VIOLATING CHILDREN'S RIGHTS: Harmful practices based on tradition, culture, religion or superstition - A report from the International NGO Council on Violence against Children
All violations of children’s rights can legitimately be described as harmful practices, but the common characteristic of the violations highlighted in this report is that they are based on tradition, culture, religion or superstition and are perpetrated and actively condoned by the child’s parents or significant adults within the child’s community. Indeed, they often still enjoy majority support within communities or whole states.
Harmful practices based on tradition, culture, religion or superstition are often perpetrated against very young children or infants, who are clearly lacking the capacity to consent or to refuse consent themselves. Assumptions of parental powers or rights over their children allow the perpetration of a wide range of these practices, many by parents directly, some by other individuals with parents’ assumed or actual consent. Yet the UN Convention on the Rights of the Child (CRC), ratified by almost every state, favours the replacement of the concept of parental “rights” over children with parental “responsibilities,” ensuring that the child’s best interests are parents’ “basic concern” (Article 18).
Many of the practices identified in this report involve gross and unlawful discrimination against groups of children, including gender discrimination, and in particular discrimination against children with disabilities. Some are based on tradition and/or superstition, some on religious belief, others on false information or beliefs about child development and health. Many involve extreme physical violence and pain leading, in some cases intentionally, to death or serious injury. Others involve mental violence. All are an assault on the child’s human dignity and violate universally agreed international human rights standards.
The International NGO Council on Violence against Children believes the continued legality and social and cultural acceptance of a very wide range of these practices in many states illustrates a devastating failure of international and regional human rights mechanisms to provoke the necessary challenge, prohibition and elimination. Comprehensive, children’s rights-based analysis and action are needed now. Above all, there must be an assertion of every state’s immediate obligation to ensure all children their right to full respect for their human dignity and physical integrity.
This short report is designed to complement other current activities in the UN system that are focusing on harmful practices and children and will hopefully lead to more effective action. The UN Secretary-General’s Special Representative on Violence against Children, Marta Santos Pais, held an International Expert Consultation on the issue in June 2012 in Addis Ababa in which the International NGO Council was represented and prepared a submission. Two UN Treaty Bodies, the Committee on the Rights of the Child and the Committee on the Elimination of Discrimination against Women (CEDAW), are collaborating in drafting a General Comment/General Recommendation on harmful practices.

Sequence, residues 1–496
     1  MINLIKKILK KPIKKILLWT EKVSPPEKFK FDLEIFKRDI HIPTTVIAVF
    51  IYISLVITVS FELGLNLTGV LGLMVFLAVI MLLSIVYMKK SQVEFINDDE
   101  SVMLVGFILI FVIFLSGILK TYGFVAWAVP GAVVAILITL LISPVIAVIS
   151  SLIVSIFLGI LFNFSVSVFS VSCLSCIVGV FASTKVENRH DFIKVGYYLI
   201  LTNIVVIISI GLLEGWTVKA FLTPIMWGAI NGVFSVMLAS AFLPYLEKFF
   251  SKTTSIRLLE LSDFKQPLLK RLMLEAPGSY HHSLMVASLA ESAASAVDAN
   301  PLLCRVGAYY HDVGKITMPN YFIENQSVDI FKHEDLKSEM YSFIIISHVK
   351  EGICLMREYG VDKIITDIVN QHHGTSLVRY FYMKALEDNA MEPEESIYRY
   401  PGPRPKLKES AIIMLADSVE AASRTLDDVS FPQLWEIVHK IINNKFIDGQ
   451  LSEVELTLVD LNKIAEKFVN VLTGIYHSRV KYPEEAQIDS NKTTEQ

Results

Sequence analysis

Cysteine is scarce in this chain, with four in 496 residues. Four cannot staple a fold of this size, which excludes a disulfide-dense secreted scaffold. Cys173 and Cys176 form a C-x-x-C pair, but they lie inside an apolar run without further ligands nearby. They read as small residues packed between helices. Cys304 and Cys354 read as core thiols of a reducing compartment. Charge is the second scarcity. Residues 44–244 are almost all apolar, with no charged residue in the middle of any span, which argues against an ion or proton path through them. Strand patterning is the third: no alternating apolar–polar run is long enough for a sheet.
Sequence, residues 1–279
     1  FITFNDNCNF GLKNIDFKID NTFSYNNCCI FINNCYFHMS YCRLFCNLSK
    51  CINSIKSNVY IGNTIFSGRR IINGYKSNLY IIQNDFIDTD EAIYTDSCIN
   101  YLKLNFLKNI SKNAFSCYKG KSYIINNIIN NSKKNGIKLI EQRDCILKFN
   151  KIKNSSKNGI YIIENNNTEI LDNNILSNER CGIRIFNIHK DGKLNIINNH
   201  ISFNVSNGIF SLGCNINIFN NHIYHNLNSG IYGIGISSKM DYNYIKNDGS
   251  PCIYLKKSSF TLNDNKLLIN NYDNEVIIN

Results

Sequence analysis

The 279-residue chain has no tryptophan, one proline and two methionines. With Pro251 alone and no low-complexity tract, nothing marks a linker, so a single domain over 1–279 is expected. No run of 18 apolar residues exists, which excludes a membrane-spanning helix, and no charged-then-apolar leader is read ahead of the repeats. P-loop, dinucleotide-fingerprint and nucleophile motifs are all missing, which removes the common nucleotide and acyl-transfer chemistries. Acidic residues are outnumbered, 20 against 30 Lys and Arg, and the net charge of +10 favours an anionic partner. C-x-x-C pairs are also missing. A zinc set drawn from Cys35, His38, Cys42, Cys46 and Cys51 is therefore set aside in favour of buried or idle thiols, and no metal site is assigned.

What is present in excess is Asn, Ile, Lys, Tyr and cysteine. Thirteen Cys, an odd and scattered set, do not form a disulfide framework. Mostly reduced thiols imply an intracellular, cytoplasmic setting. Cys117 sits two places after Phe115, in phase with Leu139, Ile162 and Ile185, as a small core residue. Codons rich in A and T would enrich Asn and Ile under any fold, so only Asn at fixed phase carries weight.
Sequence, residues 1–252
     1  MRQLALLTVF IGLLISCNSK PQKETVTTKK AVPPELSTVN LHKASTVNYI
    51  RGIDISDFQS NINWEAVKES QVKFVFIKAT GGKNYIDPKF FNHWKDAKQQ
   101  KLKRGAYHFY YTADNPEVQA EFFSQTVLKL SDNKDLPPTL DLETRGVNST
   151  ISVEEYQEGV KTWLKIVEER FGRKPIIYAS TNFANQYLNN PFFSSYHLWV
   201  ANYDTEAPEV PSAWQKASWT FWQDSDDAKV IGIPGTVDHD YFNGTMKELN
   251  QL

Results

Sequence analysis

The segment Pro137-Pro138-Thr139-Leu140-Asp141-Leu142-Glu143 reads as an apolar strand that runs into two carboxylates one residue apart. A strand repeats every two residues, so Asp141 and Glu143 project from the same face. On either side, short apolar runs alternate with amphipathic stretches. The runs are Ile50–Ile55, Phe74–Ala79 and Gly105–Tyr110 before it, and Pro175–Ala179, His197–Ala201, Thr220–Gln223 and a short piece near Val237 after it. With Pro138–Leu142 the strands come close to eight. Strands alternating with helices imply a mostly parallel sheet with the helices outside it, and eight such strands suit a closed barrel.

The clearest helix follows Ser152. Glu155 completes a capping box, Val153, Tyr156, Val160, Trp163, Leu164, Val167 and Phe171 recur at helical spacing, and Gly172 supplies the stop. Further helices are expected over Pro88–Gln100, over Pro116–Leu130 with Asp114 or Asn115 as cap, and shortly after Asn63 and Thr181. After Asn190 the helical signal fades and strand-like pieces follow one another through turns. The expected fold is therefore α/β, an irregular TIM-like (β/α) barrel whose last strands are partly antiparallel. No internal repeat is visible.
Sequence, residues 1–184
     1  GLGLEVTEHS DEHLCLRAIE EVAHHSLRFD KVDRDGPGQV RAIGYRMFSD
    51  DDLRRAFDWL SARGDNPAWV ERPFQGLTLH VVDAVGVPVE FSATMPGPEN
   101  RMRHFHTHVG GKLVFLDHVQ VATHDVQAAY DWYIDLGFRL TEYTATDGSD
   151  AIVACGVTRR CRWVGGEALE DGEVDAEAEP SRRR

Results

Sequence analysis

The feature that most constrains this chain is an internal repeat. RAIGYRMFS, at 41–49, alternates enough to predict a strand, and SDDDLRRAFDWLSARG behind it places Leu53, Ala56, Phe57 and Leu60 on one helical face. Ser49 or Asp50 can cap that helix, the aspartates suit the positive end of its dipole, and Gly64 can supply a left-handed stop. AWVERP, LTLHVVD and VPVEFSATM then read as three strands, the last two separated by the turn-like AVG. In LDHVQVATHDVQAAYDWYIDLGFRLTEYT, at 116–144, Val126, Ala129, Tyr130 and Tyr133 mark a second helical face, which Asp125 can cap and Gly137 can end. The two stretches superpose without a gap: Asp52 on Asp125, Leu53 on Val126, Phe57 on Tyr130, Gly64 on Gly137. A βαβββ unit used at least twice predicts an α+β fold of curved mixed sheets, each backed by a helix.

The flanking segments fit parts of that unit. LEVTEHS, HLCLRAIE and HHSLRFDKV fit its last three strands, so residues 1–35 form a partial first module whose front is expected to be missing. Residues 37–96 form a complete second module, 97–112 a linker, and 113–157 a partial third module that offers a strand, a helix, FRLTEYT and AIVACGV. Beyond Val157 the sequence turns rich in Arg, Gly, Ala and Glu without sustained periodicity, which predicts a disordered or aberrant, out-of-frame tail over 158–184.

The International NGO Council believes that the continuing legal and social acceptance of these violations and the slow progress in identifying and effectively addressing them are symptomatic of children’s low status, as possessions rather than individuals and rights-holders, in societies across all regions. The oft-quoted mantra of the UN Study was “No violence against children is justifiable; all violence against children is preventable.” Tragically, many adults are still justifying even extreme violence, both physical and mental, on spurious grounds of tradition, culture or religion.
The report first looks at the definition and scope of harmful traditional, cultural and religious practices violating children’s rights. Section 3 outlines the human rights context for their prohibition and elimination. Section 4 lists practices identified through a call for evidence issued by the International NGO Council earlier in 2012 and additional desk research. It also provides some examples of legal and other measures already taken to challenge and eliminate them. Section 5 provides recommendations for action by states, UN and UN-related agencies, INGOs, NGOs, national human rights institutions and others.